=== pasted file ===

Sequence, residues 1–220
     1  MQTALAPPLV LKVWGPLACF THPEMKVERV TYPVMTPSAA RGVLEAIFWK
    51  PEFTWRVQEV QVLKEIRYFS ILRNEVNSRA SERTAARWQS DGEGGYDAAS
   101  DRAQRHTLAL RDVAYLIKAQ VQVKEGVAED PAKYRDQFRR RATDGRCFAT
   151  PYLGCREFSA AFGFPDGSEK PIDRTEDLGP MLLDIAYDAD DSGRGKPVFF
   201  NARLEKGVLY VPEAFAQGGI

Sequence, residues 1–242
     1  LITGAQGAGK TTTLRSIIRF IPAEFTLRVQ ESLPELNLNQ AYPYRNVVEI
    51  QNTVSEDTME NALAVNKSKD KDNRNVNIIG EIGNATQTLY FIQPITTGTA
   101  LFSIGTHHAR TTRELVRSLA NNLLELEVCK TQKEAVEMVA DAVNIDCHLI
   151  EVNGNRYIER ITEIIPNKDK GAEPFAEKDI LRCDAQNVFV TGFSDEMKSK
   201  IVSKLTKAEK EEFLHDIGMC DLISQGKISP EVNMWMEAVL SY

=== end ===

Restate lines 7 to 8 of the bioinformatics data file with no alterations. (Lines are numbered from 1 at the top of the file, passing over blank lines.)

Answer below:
Sequence, residues 1–242
     1  LITGAQGAGK TTTLRSIIRF IPAEFTLRVQ ESLPELNLNQ AYPYRNVVEI